7 Comments

    Chris Rock's hosting of the Academy Awards was a win-win culmination of the #OscarsSoWhite campaign in which no actual person had to take the blame. Instead, a faceless institution named 'Hollywood' was rapped over the knuckles for its racism while the flesh-and-blood white faces that represented it could get on with the business of congratulating themselves. While all this mollification was going on, there was another, gargantuan prejudice saturating the air these celebrities were breathing.

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  • ENVIRONMENT

    Hope lies beyond latest climate shock therapy

    • Lyn Bender
    • 08 February 2016
    11 Comments

    News about climate change can be depressing. But it was downright shocking to learn that budget cuts to CSIRO have led to the decimation of the agency's climate science. Australia is one of the worst global emitters, yet Australian citizens have outsourced responsibility for climate protection, as they have for refugees. The ease of bipartisan agreement on such crucial dilemmas confirms the point. A dormant electorate creates a negligent, sleeping, self-satisfied and corrupt government.

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  • MEDIA

    My trip down the grubby tabloid rabbit hole

    • Catherine Marshall
    • 19 November 2015
    3 Comments

    The best thing I ever did was give up reading the Mail Online. I'd log on at the end of a long day for a dose of what I thought was harmless, digestible fun. But it wasn't long before this mental junk food started to bloat my mind. When Jennifer Garner and Halle Berry appeared before a committee at Sacramento's state assembly to press for the introduction of laws aimed at protecting children from the paparazzi, I realised I was engaging in a despicable act: the consumption of other people's private stories.

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  • Maintaining the humanity of the public square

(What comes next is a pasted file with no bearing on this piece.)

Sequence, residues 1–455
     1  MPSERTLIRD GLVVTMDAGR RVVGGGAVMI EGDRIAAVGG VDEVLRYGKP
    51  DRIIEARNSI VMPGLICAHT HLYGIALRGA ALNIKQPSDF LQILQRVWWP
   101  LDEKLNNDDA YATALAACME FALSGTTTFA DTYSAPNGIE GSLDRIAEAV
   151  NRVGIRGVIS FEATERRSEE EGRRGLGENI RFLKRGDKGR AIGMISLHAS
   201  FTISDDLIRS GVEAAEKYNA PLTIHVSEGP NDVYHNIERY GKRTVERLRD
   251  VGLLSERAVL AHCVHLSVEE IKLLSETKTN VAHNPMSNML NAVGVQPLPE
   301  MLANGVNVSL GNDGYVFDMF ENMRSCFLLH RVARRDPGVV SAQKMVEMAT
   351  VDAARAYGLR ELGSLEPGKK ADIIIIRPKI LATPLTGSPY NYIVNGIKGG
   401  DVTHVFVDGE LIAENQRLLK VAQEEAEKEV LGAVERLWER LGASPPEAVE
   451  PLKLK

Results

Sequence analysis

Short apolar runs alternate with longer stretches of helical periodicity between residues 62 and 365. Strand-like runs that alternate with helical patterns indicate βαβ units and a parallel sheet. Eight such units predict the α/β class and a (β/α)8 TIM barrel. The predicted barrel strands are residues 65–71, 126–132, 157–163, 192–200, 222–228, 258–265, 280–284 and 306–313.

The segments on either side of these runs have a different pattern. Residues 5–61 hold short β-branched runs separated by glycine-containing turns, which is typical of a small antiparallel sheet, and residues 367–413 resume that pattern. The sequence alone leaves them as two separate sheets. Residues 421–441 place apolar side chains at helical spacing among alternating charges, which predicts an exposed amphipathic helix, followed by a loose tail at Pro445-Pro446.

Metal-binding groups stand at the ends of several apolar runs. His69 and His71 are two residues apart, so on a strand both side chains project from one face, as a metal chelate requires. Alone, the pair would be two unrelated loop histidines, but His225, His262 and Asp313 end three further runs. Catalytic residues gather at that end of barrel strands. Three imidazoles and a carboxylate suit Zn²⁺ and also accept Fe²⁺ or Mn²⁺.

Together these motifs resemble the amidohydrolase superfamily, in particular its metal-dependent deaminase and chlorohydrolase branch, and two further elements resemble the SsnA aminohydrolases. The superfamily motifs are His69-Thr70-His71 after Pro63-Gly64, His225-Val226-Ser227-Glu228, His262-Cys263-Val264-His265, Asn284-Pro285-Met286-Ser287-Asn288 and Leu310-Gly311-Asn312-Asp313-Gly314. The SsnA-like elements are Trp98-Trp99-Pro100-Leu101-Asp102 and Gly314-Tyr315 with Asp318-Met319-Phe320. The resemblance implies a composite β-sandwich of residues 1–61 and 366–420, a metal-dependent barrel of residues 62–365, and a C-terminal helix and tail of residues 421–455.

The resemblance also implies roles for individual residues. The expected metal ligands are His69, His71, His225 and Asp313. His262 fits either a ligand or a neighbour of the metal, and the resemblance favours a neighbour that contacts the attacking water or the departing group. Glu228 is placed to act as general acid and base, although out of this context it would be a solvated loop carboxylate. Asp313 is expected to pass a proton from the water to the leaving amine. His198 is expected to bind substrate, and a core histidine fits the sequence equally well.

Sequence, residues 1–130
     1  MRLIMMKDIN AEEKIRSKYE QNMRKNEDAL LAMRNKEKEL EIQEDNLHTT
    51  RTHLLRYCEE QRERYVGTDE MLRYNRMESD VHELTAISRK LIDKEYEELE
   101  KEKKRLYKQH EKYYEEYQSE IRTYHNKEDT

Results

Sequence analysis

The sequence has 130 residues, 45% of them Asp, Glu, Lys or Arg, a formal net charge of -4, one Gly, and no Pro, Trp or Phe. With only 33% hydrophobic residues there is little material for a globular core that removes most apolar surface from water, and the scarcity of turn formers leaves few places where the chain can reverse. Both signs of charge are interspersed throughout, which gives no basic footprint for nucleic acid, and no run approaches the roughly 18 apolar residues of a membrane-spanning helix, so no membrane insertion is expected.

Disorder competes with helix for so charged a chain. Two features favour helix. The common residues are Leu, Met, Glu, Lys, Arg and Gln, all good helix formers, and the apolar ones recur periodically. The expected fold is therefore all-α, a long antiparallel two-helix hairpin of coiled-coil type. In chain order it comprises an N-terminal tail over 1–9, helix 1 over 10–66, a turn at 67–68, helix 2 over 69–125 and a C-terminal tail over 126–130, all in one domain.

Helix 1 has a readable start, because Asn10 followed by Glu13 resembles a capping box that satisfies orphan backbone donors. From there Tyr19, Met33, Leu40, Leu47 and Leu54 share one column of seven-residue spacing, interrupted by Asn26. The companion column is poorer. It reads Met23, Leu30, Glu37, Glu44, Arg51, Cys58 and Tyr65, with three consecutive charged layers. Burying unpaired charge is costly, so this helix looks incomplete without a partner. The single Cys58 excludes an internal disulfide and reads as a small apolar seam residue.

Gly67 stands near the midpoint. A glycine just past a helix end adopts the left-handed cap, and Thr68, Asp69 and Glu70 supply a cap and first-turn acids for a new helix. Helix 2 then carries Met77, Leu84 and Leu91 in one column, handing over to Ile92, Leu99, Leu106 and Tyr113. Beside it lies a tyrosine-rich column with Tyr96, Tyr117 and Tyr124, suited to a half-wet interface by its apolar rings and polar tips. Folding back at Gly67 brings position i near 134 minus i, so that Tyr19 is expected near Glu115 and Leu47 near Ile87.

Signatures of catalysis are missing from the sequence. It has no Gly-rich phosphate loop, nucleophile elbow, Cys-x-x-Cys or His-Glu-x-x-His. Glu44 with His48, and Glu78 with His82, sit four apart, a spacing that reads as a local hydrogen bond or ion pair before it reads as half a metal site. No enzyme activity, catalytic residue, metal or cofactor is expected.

• Greg O'Kelly
    • 30 June 2015
    3 Comments

    The phrase 'the public square' is peppered throughout Frank Brennan's work. The 1988 film Cinema Paradiso depicts the public square in a Sicilian village over 30 or so years, and its slow and subtle change from a place where human beings gather to laugh, play and discuss. Billboards and garish signs appear and it becomes a car park bereft of its humanity.

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  • ARTS AND CULTURE

    A daughter's life rekindled

    • Catherine Marshall
    • 21 August 2014
    8 Comments

    My daughter's depression is a dark and inhospitable valley in which she has lost her way, but it is also a mirror held up before me, forcing me to acknowledge the deep troughs into which I myself have fallen, and to recognise the needlessness of having clawed myself out of them alone. 

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  • INTERNATIONAL

    Refugee family suffers Cambodian curse

    • Catherine Marshall
    • 29 May 2014
    4 Comments

    It had been a long journey for the family gathered in the Cambodian office of Jesuit Refugee Service, but their search for a safe environment amidst people who would treat them kindly was not yet over. Genuine refugees set their compass for Australia expecting to find the democratic, resourceful and accountable country of which they have heard. The Coalition's reprehensible 'Cambodia solution' shows just how wrong they are.